You seem to have a few different concepts in there...
But mutations are always completely random and human beings have no control over it.
Aside from the fact that mutations are not completely random (not always, at least), it is not true that humans have no control over them. Imagine you grow plants, and you start to cross those plants that have a larger stalk, allowing them to be more resistent to wind: you are effectively selecting a certain mutation. Surely, you cannot choose which specific sequence you want to mutate, but still you are enriching your population of plants with a specific mutation.
Nowadays of course you can specifically mutate the genome in the lab, but that is a different matter.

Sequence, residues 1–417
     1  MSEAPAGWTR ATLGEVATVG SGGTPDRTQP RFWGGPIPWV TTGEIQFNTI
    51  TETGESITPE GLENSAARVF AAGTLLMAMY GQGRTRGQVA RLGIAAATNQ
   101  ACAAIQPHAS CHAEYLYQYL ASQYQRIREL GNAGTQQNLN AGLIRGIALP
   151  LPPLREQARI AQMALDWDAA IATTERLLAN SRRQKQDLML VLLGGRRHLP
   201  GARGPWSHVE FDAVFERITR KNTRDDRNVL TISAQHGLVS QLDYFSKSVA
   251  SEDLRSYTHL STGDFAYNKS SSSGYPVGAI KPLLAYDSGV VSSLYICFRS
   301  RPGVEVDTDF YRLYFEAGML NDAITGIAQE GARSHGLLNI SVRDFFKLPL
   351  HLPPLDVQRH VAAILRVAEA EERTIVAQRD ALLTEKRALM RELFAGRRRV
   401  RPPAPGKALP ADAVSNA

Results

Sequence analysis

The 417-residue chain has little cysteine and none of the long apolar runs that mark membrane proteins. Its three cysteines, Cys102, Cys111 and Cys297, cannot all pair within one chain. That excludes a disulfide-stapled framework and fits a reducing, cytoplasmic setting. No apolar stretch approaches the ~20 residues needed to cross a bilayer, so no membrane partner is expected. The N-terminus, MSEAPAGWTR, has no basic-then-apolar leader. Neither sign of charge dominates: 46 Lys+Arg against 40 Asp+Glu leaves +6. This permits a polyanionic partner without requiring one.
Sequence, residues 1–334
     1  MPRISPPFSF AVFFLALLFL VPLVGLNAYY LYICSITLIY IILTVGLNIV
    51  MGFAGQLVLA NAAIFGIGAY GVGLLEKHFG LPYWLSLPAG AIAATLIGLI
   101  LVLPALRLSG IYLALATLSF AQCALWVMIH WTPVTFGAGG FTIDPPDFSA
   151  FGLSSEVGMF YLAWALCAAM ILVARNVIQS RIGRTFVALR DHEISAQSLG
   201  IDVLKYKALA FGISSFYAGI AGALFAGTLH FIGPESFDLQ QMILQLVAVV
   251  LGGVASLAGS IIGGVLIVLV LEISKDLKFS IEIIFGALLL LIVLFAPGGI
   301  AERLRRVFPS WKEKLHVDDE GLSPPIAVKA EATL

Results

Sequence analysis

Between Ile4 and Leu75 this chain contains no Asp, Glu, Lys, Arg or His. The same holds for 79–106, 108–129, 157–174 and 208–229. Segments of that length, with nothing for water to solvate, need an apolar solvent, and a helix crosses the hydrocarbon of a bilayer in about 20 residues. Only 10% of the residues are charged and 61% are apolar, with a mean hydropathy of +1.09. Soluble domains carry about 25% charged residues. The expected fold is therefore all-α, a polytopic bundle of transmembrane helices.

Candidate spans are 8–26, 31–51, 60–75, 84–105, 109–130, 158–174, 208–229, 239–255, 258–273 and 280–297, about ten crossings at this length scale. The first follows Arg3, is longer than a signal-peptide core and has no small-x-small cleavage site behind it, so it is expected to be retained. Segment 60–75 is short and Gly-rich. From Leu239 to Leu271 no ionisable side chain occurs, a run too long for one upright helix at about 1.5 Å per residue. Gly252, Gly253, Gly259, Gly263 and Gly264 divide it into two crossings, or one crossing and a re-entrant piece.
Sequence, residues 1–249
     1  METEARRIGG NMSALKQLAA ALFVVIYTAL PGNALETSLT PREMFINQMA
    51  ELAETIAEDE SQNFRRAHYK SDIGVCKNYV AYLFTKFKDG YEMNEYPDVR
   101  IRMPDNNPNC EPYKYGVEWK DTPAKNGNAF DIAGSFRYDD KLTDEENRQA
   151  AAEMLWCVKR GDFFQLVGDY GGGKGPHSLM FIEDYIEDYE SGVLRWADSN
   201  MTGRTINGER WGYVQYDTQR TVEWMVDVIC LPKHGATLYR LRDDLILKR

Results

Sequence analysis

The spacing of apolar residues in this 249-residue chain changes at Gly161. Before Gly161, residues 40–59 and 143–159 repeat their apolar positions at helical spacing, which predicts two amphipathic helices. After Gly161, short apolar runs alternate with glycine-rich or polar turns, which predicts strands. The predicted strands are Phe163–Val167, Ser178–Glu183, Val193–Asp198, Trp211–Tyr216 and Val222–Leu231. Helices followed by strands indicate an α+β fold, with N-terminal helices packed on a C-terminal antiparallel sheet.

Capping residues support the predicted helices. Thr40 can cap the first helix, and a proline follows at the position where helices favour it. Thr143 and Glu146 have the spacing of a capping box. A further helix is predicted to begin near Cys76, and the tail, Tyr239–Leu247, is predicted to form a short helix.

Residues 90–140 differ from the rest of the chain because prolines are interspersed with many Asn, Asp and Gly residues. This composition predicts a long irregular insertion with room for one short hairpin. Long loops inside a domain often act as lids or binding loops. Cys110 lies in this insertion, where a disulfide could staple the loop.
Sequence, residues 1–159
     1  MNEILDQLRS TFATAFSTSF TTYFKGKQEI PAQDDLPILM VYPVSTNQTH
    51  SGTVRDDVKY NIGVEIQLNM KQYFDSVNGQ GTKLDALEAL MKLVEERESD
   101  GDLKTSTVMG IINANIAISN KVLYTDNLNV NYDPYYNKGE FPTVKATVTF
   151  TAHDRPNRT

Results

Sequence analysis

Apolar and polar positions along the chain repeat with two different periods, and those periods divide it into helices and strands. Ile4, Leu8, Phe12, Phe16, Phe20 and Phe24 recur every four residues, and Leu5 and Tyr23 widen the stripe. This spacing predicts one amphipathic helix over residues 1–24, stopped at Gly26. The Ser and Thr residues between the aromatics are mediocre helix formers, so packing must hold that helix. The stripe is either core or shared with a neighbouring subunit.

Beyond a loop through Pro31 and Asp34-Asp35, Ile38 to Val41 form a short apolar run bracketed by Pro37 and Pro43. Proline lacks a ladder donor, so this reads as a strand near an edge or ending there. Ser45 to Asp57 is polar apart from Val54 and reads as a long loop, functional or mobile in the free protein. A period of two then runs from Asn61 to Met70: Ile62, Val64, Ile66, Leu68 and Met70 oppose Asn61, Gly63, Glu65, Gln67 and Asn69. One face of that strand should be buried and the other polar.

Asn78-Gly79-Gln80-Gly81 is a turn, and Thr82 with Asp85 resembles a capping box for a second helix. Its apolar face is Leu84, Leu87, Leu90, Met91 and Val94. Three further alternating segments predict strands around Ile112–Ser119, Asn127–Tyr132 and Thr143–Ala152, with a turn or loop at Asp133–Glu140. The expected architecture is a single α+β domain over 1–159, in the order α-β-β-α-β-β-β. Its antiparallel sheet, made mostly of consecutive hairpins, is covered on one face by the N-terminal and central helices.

Would it have been possible to domesticate dogs from wolves, if there would have been no mutations in wolves to begin with?
Note that artificial selection has been used to generate the different breeds of dogs, by breeding animals with specific characters.
However, domestication is a different matter. Wolves and dogs are the same species (Canis lupus) and domestication is not strictly dependent on selective breeding. You can domesticate an adult animal without inducing mutations in its DNA. Probably epigenetics plays an important role there, and epigenetic patterns could possibly be transmitted to the offspring.
Of course, then you will use selective breeding to expand the domesticated population, and to select those traits you are interersted into. With artificial selection you are just selecting the mutations you want, the way you generate them is irrelevant to the matter: for instance you can irradiate plants to enhance mutation rate, and consequently the appearance of new favorable traits.